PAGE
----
Rosalie Arcala Hall

Rosalie Arcala Hall is a Professor of Political Science at the University of the Philippines Visayas in picturesque Miagao, Iloilo. She finished her Ph.D. in Public and International Affairs at Northeastern University (Boston, MA) in 2002. Rosalie and her husband, Bruce, an American, have lived in Tokyo, Japan; Innsbruck, Austria and Chicago, USA in line with research fellowships she received.

Rosalie has also conducted research on post-conflict civil-military relations in the Aceh, Indonesia; Dili, EastTimor; and Mindanao,Philippines. She is currently working on research projects with American and European collaborators on military mergers; asymmetric warfare and on Muslim women in the security forces. An itinerant couple, she and her husband split time between their residences in Iloilo City and Manila, and usually spend their summer vacation abroad. Rosalie grew up in San Felipe, Zambales, Philippines and finished her Bachelors at University of the Philippines, Diliman in 1991.

To reach this person, click here.

Most Recent Articles

February 8, 2011
On the 3rd of January, I showed up bright and early for my Comparative Politics class and was peeved that only 1/3 of my students showed up. One student who was due to deliver an oral report said she wasn’t ready because “she didn’t think I would hold classes that day.” I was similarly aghast that many of the faculty members from my Division were also absent that day. The Arts and Sciences building felt like a ghost town--the habitués having decided they needed an extra day to recuperate from their holiday hangover.
January 11, 2011
After two decades in the academe, I have purposely avoided being nominated to any administrative position. This came from an earlier conviction that I would rather be a serious scholar than a paper-pushing bureaucrat. Because the pool of would-be university administrators seems to draw disproportionately from a handful of PhD holders, I thought it was a great disservice to have such expensive education wasted on the banality of managing. Besides, being tied to a desk job is the antithesis of my desire to travel abroad.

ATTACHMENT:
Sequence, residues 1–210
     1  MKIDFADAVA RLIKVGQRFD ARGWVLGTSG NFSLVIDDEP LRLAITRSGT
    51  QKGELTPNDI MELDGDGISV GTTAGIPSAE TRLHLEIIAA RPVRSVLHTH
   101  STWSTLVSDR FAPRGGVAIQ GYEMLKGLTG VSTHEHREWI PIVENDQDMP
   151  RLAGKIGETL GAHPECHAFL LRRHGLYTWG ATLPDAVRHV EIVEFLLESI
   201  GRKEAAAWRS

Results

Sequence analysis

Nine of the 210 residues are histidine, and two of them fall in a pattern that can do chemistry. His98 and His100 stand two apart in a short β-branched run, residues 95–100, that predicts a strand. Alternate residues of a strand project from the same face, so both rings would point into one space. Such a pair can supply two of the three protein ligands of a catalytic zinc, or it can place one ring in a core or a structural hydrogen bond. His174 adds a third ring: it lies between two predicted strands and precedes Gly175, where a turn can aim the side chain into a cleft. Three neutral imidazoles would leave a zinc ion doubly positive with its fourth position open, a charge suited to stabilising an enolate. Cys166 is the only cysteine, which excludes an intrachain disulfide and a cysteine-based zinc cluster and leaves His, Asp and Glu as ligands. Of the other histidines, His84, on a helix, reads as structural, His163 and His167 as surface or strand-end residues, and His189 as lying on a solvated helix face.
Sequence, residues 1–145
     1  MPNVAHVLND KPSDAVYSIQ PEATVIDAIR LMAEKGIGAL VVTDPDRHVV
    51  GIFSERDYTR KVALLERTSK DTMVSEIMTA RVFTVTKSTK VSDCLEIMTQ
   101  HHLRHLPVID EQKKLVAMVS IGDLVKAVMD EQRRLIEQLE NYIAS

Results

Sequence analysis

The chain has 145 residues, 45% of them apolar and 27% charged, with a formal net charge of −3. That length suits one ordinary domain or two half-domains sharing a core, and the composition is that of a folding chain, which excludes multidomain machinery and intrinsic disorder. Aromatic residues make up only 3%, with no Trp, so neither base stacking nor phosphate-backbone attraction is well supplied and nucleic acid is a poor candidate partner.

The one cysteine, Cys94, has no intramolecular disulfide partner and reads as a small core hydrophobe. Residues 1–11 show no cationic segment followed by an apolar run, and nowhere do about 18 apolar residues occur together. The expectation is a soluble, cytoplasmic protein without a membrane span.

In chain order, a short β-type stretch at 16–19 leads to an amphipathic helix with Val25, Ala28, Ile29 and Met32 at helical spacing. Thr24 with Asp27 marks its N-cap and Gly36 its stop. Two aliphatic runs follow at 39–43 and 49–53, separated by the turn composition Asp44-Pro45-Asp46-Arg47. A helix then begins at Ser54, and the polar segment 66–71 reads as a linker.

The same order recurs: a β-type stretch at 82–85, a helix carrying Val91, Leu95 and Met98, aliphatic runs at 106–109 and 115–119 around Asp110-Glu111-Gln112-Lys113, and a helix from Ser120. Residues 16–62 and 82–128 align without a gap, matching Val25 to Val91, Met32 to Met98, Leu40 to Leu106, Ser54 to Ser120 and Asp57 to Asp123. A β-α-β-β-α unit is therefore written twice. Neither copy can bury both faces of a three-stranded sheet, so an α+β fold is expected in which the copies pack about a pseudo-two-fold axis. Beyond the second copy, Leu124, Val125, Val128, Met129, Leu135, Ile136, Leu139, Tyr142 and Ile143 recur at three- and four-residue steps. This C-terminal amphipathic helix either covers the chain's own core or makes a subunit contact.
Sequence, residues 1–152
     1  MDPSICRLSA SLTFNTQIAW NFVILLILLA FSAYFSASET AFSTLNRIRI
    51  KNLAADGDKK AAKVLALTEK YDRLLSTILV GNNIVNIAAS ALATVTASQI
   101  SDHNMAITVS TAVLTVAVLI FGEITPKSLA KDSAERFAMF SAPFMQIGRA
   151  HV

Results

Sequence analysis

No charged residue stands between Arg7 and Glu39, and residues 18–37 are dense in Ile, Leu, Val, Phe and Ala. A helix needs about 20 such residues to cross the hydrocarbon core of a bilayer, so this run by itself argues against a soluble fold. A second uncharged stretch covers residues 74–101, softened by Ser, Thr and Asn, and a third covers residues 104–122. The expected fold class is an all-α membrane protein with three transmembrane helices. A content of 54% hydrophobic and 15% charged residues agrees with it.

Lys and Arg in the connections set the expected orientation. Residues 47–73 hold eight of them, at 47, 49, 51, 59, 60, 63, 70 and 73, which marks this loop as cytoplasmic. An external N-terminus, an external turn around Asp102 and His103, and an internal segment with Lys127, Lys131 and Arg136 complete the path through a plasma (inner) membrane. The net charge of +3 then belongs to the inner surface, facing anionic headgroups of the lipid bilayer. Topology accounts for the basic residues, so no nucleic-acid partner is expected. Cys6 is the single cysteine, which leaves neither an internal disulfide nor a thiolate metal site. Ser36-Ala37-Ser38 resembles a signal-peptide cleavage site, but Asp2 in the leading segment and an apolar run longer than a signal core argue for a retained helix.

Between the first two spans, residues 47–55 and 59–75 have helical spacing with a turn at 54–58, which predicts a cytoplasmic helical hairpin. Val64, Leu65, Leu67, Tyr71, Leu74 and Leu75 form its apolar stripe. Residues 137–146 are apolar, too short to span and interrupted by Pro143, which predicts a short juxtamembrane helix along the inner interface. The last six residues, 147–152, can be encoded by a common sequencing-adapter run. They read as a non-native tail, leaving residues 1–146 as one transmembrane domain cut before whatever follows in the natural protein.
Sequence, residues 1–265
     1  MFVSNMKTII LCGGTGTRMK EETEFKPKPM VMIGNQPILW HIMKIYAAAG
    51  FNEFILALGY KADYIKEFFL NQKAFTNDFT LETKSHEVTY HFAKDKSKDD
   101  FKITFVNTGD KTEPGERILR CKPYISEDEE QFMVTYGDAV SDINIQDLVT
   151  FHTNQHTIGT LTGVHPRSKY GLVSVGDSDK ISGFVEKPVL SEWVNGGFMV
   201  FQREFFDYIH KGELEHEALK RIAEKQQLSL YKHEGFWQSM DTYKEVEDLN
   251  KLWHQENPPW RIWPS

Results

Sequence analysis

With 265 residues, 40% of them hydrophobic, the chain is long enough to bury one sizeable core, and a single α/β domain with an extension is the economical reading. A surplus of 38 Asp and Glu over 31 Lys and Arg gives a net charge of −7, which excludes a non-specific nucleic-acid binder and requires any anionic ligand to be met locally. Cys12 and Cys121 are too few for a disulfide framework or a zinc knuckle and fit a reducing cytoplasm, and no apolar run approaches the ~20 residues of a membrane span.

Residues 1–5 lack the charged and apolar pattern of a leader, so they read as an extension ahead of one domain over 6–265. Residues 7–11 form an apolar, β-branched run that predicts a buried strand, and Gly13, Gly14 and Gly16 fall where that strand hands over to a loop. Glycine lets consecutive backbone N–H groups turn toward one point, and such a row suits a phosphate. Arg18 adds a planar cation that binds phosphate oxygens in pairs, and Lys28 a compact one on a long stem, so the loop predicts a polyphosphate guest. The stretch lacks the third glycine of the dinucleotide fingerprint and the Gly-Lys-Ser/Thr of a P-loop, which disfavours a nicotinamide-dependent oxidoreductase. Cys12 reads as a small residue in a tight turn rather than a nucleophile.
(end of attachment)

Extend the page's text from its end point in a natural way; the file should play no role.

December 12, 2010
My sister recently visited a physician in Manila who turned out to be a former undergraduate student of mine in Iloilo. Recognizing the common surname (Arcala), the doctor gushed about how I had tempted her to switch from a Biology major to a Political Science major, upon taking my General Education class in Social, Economic and Political Theory. To this day she remembers Plato, Aristotle, Rousseau and Marx and the engaging manner in which I embedded their ideas in their historical milieus.
November 9, 2010
Having recently acquired my own iPod touch, I finally found a reason to do some serious weeding of my address book. I realized that I have active mobile phone numbers of 4 army generals and numerous colonels, majors and lieutenants. Some years back, I have included notations on the units where they belong and their station to better manage this growing data. The notations have become more diverse-- J3, OG7, engineering, CRS, RCDG, EastMinCom-- indicating the many types of soldiers I have encountered in the course of my research career.
October 11, 2010
The academic calendar is symbolic of how an institution values time. It pegs the community to set dates like enrollment and graduations; exam periods and study periods; and holidays and vacations. In my university’s case, what is not contained in the calendar is more instructive than what it actually says. Like many non-modern societies, we take a more malleable approach to time and along with it, a less strict teaching regimen.
September 8, 2010
For women in the academy, one’s name is akin to a passport which under no circumstance must you tamper with. Your reputation as a scholar is attached to your name, which when subjected to a Google search, may yield only a few or a substantial number of hits depending on if it is correctly remembered or spelled. Unlike men, marriage pressures women to decide whether or not to make this changed civil status a separate “name reality” from their professional one. It is a tough choice to make.
August 3, 2010
There is something about the air in America that seduces the senses. To those who have never been to the land of milk and honey, the scent one encounters in opening the ubiquitous balikbayan box (Filipino care package) is a close proxy. It is intoxicating, tempting and proven to induce reckless behavior among even the well-intentioned foreigner, even serious academics.


Back to Top